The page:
The Carnival Bizarre finds Cathedral nailing down their neo-Black Sabbath sound consistently from beginning to end with no filler, setting them apart from nearly every other band in the mid-'90s heavy metal scene. The album's consistency arises most likely from the band's streamlined lineup with only vocalist/lyricist Lee Dorrian and guitarist Gaz Jennings remaining from proceeding releases. These two collaborate on each of the ten songs, perfecting their formula for gothic fairytales set to monstrous grooves of castle-sized guitar riffs. The album's title track serves as a perfect example of how Cathedral has grown and polished its unique style more easily explained by what it isn't than what it is. On this particular song, Jennings breaks off almost immediately into the song's central riff as Dorrian begins to map out his fantastic motifs: "Ride with me on a shooting star/Through galaxies of death we chase/Skeletal king of paradise." The song has a catchy chorus that has Dorrian changing the pitch of his voice from his deep, dark gravely tone to a juxtaposing high-pitched voice nearly as rough. Several tangents make this song more than just a standard rock tune in the style of "Ride" from the group's preceding album. It is at these moments that Jennings proves just how amazing of a guitar player he has become, moving through an ambient section of psychedelic-phasing guitar tones to a contemplative guitar solo with an overdubbed backing riff that takes the song on a journey to its post-eight minute conclusion. Nearly every one of the other ten songs makes small alterations on this same template, with Dorrian's mapped-out lyrics keeping the songs within the confines of traditional rock structuring and Jennings' ever-mobile guitar serving as the musical equivalent to the otherworldly lyrical topics.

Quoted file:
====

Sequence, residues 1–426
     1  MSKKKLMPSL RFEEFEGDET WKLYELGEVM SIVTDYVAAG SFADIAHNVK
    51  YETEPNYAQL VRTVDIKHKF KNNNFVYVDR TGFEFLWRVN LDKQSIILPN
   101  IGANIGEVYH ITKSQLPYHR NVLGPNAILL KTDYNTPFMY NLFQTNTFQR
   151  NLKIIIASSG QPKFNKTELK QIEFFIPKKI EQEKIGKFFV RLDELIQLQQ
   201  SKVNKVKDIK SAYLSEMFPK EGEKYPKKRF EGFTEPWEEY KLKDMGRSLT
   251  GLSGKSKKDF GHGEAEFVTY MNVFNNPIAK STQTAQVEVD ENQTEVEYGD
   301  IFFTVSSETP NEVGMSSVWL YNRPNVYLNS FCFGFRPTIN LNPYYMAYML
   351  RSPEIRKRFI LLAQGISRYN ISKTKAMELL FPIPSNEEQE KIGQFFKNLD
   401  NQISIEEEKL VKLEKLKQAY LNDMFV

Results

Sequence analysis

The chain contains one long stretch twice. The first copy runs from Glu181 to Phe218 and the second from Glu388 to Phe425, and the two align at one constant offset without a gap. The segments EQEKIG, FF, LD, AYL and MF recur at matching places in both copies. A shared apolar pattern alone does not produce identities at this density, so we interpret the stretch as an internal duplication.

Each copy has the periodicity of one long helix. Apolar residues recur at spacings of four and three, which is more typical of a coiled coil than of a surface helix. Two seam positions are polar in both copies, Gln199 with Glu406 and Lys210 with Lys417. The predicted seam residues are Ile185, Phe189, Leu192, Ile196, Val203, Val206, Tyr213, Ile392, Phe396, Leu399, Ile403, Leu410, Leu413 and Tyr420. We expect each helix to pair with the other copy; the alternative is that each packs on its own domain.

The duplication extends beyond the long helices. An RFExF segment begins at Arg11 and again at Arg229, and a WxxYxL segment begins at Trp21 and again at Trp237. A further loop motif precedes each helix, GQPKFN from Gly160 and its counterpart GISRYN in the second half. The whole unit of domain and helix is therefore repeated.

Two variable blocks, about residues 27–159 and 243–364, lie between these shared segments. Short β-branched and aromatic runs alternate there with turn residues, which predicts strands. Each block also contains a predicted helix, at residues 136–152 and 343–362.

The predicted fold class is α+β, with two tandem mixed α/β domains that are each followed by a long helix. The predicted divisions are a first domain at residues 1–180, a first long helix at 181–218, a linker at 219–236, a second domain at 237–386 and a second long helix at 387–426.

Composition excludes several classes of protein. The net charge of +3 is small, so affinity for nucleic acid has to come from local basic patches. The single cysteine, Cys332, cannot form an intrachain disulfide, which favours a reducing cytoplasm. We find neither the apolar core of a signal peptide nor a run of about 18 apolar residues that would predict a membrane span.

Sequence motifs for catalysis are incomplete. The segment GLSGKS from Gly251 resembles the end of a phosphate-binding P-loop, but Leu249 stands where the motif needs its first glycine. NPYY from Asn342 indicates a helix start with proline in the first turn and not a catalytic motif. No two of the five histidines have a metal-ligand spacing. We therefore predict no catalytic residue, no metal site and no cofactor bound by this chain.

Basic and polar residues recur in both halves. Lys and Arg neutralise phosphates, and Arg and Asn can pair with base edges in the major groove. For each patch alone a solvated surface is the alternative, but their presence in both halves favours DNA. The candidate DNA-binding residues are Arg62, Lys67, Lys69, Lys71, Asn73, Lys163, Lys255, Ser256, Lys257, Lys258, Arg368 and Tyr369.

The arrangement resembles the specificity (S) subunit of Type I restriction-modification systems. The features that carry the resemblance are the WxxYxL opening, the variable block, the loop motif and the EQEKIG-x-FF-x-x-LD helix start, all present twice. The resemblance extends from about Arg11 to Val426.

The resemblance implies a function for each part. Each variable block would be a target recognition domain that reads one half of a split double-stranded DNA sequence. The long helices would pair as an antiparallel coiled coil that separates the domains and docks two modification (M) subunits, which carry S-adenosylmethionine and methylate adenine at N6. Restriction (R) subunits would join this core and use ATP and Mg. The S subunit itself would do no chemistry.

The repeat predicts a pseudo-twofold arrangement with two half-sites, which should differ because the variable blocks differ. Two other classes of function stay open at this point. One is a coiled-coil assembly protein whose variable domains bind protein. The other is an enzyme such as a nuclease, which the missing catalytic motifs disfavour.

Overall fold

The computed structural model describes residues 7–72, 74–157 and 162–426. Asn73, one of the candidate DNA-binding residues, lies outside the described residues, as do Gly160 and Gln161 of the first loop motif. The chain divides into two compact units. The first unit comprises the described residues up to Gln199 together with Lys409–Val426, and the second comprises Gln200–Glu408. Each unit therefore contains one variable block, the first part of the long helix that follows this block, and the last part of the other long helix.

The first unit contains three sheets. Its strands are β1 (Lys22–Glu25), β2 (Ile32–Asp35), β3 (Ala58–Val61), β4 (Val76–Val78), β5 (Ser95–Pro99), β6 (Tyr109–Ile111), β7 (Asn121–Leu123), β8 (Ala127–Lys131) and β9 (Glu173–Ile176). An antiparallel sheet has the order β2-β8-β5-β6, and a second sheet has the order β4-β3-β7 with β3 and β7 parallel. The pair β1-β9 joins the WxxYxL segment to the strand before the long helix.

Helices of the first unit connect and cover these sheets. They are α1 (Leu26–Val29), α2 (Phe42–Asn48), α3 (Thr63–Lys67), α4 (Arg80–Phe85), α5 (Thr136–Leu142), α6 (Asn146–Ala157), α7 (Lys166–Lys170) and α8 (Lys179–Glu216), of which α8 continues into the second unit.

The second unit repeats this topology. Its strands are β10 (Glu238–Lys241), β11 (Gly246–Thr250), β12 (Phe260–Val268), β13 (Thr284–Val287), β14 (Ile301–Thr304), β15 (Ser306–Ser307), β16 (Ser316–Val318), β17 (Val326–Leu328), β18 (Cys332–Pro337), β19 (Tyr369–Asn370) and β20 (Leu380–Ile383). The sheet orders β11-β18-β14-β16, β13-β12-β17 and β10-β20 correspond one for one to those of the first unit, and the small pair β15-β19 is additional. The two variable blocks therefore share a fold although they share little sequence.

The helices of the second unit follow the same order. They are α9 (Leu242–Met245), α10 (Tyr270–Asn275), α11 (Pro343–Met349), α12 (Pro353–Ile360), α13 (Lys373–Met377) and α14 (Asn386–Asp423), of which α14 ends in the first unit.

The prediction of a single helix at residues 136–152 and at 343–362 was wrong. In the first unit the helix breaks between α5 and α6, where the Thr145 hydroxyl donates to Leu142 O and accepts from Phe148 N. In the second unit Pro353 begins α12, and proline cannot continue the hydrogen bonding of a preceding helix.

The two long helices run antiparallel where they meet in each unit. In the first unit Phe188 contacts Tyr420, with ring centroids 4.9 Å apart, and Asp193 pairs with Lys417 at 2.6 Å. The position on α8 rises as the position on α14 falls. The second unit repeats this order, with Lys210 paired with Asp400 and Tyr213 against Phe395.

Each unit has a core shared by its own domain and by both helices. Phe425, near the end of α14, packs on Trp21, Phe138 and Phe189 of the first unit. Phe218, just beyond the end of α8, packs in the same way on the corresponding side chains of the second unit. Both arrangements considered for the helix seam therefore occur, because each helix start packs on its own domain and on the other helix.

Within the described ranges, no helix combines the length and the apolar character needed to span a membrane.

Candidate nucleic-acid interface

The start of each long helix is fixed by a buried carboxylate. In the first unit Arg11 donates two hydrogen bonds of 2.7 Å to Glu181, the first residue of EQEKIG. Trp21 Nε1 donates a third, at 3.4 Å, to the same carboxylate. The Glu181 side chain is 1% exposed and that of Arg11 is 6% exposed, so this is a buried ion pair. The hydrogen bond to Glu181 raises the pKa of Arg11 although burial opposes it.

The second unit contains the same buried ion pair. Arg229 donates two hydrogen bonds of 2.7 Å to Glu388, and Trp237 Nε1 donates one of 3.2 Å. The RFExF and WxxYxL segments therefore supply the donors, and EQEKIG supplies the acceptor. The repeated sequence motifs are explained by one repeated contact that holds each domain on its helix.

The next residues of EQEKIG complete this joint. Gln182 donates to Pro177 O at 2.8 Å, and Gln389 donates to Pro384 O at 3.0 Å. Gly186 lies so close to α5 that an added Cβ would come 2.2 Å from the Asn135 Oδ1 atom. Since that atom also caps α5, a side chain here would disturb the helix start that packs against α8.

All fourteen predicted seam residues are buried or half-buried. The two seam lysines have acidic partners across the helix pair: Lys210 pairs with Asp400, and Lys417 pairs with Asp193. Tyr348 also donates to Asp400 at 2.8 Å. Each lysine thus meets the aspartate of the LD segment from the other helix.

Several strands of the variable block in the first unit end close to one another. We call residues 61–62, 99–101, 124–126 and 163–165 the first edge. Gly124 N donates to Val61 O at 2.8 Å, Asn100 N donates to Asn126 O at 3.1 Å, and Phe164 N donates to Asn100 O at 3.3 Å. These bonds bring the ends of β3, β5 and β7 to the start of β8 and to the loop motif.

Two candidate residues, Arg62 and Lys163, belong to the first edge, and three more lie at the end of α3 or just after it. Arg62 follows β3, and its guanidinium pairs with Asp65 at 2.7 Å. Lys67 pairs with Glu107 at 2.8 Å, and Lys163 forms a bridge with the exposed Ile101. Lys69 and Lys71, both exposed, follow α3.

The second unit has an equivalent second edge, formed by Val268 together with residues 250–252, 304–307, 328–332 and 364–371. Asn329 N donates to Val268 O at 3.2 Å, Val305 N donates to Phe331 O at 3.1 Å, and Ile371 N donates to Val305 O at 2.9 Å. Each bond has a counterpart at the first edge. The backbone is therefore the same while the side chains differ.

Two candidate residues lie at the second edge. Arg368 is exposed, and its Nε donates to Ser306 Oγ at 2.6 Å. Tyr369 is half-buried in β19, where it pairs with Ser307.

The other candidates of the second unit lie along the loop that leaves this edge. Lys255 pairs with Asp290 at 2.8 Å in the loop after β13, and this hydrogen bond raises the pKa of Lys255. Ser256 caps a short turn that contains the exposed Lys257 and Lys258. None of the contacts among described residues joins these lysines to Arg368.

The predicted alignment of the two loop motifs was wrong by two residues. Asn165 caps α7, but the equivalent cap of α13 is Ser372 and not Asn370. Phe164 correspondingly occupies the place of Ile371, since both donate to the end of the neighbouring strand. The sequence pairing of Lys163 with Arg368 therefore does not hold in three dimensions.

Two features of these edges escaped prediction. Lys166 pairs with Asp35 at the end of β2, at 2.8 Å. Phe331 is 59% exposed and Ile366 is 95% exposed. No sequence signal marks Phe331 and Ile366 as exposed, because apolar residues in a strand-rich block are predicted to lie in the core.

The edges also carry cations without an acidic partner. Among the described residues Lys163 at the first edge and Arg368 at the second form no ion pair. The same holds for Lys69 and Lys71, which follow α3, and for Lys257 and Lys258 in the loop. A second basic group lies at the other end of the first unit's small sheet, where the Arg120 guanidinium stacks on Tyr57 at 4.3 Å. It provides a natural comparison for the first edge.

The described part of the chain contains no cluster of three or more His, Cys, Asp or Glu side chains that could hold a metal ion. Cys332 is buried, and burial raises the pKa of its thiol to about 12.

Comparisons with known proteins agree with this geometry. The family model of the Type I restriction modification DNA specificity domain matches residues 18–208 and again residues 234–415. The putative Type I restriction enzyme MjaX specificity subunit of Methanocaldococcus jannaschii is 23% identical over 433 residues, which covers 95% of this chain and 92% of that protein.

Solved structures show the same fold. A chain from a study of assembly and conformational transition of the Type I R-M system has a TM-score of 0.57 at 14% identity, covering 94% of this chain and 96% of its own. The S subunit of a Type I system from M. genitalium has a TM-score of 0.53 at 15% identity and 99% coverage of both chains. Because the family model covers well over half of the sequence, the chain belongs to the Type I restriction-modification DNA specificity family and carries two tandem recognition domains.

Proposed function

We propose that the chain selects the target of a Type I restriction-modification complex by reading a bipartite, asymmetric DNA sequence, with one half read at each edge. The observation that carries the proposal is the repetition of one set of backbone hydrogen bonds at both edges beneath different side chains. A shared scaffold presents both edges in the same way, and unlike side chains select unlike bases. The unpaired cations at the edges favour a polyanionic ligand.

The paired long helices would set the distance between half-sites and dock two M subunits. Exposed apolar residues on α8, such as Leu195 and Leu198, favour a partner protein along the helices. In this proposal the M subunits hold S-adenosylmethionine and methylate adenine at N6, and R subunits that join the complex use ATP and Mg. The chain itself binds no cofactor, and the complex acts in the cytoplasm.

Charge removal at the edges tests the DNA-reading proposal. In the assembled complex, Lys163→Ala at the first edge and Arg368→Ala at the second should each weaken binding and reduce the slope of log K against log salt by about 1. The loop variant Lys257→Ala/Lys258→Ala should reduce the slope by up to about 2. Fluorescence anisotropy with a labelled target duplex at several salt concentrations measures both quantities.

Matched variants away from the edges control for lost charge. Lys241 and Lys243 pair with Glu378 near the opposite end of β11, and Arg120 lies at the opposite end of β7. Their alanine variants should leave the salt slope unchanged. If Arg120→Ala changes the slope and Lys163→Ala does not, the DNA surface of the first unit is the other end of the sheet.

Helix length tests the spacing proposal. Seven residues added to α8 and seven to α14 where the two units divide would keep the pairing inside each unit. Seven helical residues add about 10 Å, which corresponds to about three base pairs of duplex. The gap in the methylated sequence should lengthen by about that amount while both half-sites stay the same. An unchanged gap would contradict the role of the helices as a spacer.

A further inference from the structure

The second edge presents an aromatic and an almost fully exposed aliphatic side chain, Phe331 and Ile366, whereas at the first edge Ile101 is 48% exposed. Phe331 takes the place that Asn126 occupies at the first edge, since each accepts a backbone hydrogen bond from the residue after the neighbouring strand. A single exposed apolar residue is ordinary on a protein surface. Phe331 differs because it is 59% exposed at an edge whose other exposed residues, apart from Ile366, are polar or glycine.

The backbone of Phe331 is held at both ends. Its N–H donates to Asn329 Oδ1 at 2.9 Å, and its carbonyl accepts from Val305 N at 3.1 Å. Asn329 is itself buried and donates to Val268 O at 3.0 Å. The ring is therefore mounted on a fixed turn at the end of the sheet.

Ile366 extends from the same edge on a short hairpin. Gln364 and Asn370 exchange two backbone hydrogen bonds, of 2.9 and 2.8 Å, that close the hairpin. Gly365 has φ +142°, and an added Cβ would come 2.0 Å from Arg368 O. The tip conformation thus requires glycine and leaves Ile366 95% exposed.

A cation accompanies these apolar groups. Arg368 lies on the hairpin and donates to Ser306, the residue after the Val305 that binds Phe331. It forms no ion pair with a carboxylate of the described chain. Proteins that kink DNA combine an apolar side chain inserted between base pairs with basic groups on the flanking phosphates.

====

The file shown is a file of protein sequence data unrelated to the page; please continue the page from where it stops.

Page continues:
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AllMusic Review by Jason Birchmeier
feat: Tony Iommi